Happy Club brings smiles and a laid back attitude back to Central


Last year, smiley face posters and t-shirts began popping up all over the school. They announced and spread the word about a new group at central – The Happy Club. “Our biggest weakness (at Central) is that we kids take ourselves far too seriously,” said Audrey Glaser, senior. She and Lauren Paul, senior, founded Happy Club last year in an effort to help students lighten up. Meetings are low-key affairs, with food and games on Friday mornings.

The first Happy Club fundraiser was held Tuesday, Sept. 27.  The smiley face cookies entirely sold out, raising several hundred dollars. The most immediate use for the money will be a Jersey Shore themed dance after the football game on Friday, Oct. 14.

Happy Club does not limit itself simply to spreading smiles within Central. Plans for the future include caroling at Hinsdale Hospital to bring cheer to patients around Christmas time. The club also has plans – which they will not disclose to keep them a surprise – to reduce the stress and tension of finals week in January. “Central can get pretty depressing when everyone is trudging around in their pajamas and stressing out over tests,” Glaser said. “As a club we are coming up with many ideas on how to bring laughter and stress relief into the school atmosphere during this time.”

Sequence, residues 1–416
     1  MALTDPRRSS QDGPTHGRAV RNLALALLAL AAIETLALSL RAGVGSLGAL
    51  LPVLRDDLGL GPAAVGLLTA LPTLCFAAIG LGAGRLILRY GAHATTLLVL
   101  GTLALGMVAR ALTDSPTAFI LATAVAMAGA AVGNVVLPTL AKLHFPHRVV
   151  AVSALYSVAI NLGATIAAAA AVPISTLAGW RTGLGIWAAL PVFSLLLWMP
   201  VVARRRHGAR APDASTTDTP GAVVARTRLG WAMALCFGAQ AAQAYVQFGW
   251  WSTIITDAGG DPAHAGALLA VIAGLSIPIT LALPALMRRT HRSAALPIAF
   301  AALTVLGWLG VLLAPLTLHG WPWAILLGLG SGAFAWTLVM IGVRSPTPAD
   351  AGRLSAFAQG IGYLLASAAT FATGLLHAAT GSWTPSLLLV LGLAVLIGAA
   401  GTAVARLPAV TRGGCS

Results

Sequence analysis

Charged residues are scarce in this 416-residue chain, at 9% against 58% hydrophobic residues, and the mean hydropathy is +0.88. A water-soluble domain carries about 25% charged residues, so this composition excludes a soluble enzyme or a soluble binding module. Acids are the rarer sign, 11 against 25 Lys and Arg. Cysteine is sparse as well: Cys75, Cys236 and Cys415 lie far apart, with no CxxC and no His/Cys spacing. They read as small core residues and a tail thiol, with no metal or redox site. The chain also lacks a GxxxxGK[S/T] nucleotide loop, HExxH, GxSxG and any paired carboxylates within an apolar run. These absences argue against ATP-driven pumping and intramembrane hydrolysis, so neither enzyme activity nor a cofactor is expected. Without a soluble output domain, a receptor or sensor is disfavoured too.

Freshman year brings nervousness about a new school, sophomore year brings anxiety about grades, junior year brings way too much homework, and senior year brings college applications. A byproduct of Central’s high academic standards is an often stressful environment, where extracurriculars add to the stress instead of providing relief. Happy Club intends to spend this year doing the opposite. “Overall the goal is really to do whatever we can to improve school morale, to make a difference, no matter how big or small, in the lives of others, and just to have a good time,” said club sponsor Ms. Patel.

“We want to remind people of their priorities. Even more simply than that, we want to make people smile,” Glaser said. “Anyone who sees the positive energy at our Friday meetings would have proof that, so far, we’re doing a good job.”